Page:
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for aught we know, it is "jest a-going to
begin" at this moment. In our progress
towards the Gate, however, we look in at a
few more public-houses. Here is a costermonger's
house, where the very trucks and
baskets are brought to the bar. Here is that
famous hostelry, where is preserved an oil-painting,
containing authentic portraits of the
three Whitechapel worthies, who once drank
one hundred-and-one pots of beer at one sitting.
The name of the captain of this gallant
band was "Old Fish." Here, again, is a
thieves' housethievish all over, from the
squint-eyed landlord to the ruffianly customers.
Go in at one door, and go out at
another; and don't change more five pound
notes at the bar than you can help, my friend.
Here are houses with queer signsthe "Grave
Maurice," supposed to be a corruption of
some dead-and-gone German Landgrave, and
"The Blind Beggar," close to Mile End

Another "gaff" on the right-hand side of the
roadbut on a grander scale. The Effingham
Saloon, with real boxes, a real pit, and a real
gallery; dreadfully dirty, and with a dirtier
audience. No comic singing, but the drama
the real, legitimate drama. There is a bold
bandit, in buff-boots, calling on "yon blew
Ev'n to bring-a down-a rewing on ther
taraytor's ed." There is nothing new in him,
nor in the young lady in pink calico, with her
back hair down, expressive of affliction. Nor
in the Pavilion Theatre over the way, where
"Rugantino the Terrible" is the stock
piece, and where there are more buff-boots,
rusty broad-swords, calico-skirts, and back

Shops, Gin-palaces, SaloonsSaloons, Gin-palaces,
Shops; Costermongers, Thieves, and
BeggarsBeggars, Thieves, and Costermongers.
As we near the Gate, the London
Hospital looms heavily on one side, while on
the other the bare, bleak walls of Whitechapel
Workhouse stretch grimly along, with
a woful skirting-board of crouching Irish
paupers, who have arrived too late for admission
into the Workhouse, and are houseless
for the night.

Going along, and still anxious to see
what is to be seen, I look, curiously, at the
portraits hanging on the walls of the coffee-houses
and bar-parlours. The democratic
element is not very strong in Whitechapel, it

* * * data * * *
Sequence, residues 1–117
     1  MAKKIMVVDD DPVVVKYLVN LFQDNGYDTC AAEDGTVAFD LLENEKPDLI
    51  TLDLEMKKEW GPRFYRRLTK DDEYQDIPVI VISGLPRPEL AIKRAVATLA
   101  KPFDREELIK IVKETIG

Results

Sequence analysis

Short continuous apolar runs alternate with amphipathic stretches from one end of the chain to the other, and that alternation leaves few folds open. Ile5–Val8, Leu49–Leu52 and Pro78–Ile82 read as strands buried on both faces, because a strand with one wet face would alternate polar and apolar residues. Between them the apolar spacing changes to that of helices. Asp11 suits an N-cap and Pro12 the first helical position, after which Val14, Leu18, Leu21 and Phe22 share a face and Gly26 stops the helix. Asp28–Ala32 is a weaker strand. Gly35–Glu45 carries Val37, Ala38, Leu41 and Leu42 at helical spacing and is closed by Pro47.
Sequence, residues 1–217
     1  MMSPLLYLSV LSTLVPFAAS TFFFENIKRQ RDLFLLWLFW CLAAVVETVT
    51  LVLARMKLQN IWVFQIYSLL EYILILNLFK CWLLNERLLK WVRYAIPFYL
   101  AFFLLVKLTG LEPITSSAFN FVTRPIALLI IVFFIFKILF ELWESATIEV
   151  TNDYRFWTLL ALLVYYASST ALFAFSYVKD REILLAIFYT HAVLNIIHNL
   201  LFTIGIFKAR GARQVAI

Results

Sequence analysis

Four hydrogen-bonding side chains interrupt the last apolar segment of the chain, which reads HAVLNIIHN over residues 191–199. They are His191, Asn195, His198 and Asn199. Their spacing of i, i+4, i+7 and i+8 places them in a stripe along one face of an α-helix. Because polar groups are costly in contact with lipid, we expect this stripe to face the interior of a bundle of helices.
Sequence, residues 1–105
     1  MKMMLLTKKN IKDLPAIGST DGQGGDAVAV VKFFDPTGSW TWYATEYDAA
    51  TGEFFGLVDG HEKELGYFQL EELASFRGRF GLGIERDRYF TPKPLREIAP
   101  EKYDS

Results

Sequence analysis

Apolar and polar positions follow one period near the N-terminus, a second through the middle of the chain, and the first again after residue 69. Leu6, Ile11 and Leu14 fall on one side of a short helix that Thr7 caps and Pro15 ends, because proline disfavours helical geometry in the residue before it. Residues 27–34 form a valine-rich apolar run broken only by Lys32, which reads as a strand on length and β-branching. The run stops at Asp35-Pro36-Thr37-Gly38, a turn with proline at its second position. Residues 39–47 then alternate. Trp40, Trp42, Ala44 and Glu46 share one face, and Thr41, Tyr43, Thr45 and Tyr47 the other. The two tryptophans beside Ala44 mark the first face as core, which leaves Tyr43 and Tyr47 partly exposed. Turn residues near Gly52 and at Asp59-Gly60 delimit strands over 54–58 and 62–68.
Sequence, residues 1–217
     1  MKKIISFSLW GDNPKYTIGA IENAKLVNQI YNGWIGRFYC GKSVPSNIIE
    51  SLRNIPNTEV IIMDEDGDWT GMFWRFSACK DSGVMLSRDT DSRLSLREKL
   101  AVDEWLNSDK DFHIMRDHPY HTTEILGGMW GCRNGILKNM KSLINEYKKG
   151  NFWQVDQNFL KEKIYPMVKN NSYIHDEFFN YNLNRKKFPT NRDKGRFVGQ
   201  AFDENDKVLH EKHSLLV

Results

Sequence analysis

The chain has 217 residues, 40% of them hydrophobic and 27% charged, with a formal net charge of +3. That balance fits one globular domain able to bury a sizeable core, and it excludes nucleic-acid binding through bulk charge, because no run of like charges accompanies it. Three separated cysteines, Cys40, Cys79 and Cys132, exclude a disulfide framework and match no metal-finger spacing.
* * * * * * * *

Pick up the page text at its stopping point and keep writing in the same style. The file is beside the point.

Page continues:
would seem; tor the effigies of Her Majesty
and Prince Albert are as a hundred to one of
the effigies of the Cuffies and Meaghers of the
sword. One portrait, though, I see everywhere;
its multiplications beating all royal,
noble, and democratic portraits hollow, and
far outnumbering the Dog Billies, and
winners of memorable Derbys. In tavern and
taproom, in shop and parlour, I see everywhere
the portrait or the bust of Sir Robert

Mile End Gate at last, and midnight
chimes. There is a "cheap-jack," on a
rickety platform, and vaunting wares more
rickety still, who gets vehemently eloquent
as it gets later. But his auditory gradually
disperse, and the whole road seems to grow
suddenly quiet. Do you know why? The
public-houses are closed. The pie-shops, it is
true, yet send forth savoury steams; but the
rain comes down heavily. Therefore; and
as I (and I fear you, too, dear reader) have
had enough of Whitechapel for one while; let
us jump into this last omnibus bound westwards,
reflecting that if we have not discovered
the North West Passage, or the
source of the Niger, we have beheld a strange
country, and some strange phases of life.


NOT less a Queen, because I wear
No crown upon my weeping hair!

Not less a Mother, that my breast
Is childless, and a rifled nest!

Not less a Woman, for the oath
I sworeto be avenged for both!

O youth! thou hast a comely grace;
Strange sympathy is in thy face.

And hast thou heard of mine and me,
In that old City by the sea?

Give me thy hand, and let me feel
What one soft pressure may reveal.

I read by hands; 'twas thus I tried
My husband, when I was a bride.

'Tis well! but that it throbs too much,
As if it felt its mother's touch.

Thy mother? Tell me, is she far?
And art thou, youth, her wand'ring star?

It trembles! Dost thou fear a Queen
Discrown'd, and seen as I am seen!

Nay! kneel not, kneel not! Wherefore thus
Is this wild trembling come on us?

Two strangers! Did I tremble then
Before the hosts of eager men:

That sea of savage lips and eyes,
Clamouring murder to the skies?

They threw my husband from his throne ,
They mock'd me as I sat alone.

I sat in state, and let them mock:
Mad waves against the regal rock!

Robed and crown'd, I calmly smiled,
And lifted up my little child.

"Your future King!" I cried aloud;
And many of the people bow'd.

But, as I held it, strode a man
A stern, black-bearded ruffian

He strode, and snatch'd my child away,
Albeit I left my throne to pray.

I clung about his knotty knees,
And wept and shriek'd my agonies.

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